The Walking Music of a Young, Black Female This work has been published in the Teen Ink monthly print magazine. This work has won the Teen Ink contest in its category.


I hear astaccato beat,
as the pavement hits my feet.
And as I walk downthe street,
I peek - peek to see if others can feel thisbeat.

Like blood running through my veins,
sweeter than redmints and Christmas candy canes,
makes me wonder if I'm sane,
thispain - pain of drums thumping through my veins.

The drums of myancestors are beating in my face.
Can you affirm that this is thecase,
as you run and try to keep up with my pace?
Is it me or arethey really saying - "Girl, have you forgotten yourrace?"

Have you forgotten, young dear, those 200+ years
when the price of your carefree walk was paid in both blood and intears?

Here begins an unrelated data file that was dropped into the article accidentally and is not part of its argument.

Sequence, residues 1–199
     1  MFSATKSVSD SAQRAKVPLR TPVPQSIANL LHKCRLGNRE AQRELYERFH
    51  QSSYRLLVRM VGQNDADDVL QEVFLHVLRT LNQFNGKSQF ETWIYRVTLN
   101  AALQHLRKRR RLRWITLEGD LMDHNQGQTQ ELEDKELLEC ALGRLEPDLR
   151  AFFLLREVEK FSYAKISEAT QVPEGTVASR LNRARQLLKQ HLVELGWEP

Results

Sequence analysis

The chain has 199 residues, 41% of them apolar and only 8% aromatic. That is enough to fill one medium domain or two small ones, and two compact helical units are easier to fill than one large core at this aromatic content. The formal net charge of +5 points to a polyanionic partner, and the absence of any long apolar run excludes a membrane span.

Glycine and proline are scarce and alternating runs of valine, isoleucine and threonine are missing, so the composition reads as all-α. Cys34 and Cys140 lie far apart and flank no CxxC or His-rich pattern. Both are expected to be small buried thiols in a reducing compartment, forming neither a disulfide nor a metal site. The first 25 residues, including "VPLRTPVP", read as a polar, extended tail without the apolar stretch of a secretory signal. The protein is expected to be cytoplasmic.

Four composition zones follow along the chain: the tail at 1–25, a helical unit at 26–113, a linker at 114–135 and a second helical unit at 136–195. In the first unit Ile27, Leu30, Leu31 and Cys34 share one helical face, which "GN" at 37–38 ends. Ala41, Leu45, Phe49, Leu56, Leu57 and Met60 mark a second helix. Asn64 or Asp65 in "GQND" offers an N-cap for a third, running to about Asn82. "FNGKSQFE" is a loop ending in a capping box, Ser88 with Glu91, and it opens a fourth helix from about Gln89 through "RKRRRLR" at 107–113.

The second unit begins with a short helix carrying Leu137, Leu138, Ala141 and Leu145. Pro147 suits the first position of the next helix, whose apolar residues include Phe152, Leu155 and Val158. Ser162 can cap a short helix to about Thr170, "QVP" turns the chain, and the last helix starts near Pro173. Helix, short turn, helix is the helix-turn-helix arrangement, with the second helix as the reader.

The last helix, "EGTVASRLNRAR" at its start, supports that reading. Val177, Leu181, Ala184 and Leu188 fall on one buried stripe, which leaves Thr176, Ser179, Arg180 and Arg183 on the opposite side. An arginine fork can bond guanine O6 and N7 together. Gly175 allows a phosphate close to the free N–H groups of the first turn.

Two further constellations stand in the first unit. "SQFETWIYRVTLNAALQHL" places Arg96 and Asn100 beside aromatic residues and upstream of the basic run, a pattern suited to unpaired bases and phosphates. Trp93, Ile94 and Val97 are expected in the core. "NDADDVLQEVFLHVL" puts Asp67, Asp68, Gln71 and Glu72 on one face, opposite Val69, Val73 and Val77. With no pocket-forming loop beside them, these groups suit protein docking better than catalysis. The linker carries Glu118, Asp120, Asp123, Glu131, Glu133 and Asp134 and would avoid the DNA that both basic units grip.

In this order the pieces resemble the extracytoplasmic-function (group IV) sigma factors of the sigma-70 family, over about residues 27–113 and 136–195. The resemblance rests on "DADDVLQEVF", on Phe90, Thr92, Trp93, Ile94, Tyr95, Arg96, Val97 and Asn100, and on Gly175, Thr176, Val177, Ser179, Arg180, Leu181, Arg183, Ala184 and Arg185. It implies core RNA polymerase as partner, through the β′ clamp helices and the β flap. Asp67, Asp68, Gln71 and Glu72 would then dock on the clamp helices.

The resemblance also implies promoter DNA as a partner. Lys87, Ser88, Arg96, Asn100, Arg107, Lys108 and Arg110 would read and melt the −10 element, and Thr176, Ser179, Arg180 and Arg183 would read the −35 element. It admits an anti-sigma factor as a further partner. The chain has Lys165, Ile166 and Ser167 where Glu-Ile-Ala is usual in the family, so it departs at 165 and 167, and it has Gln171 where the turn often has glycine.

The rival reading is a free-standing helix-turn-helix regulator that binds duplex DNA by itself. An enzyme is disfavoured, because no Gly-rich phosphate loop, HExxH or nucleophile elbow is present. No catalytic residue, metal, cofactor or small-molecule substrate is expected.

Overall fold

Are you aware of the burden your adolescent back must bear,
and that your time to speak out and represent is both present andclear?"

Now I hear tambourines shake and they rattle theplace.
It is the noise of the women and it seems that they too havea case.
I think to myself - how much more can I take -
of thesespeaking percussions deciding my fate?

The tambourines speak -"We too have a cause, how can you forget -
how we women mustfight - equality is not ubiquitous yet.
It is not our fault but itis deep-set,
we women must struggle because our genes areXX."

I answer the drums and the tambourines with this choice-
"I'll join in your music and I'll be the voice."
Forwithout me the world will just see your music as noise,
I see it'smy duty, I really have no choice.

Obviously, I was born for apurpose that's rather acoustic
it's very clear that I was meant toanswer the call of my walking music.



This work has been published in the Teen Ink monthly print magazine. This piece has been published in Teen Ink’s monthly print magazine.

This work has won the Teen Ink contest in its category. This piece won the September 2000 Teen Ink Poetry Contest.






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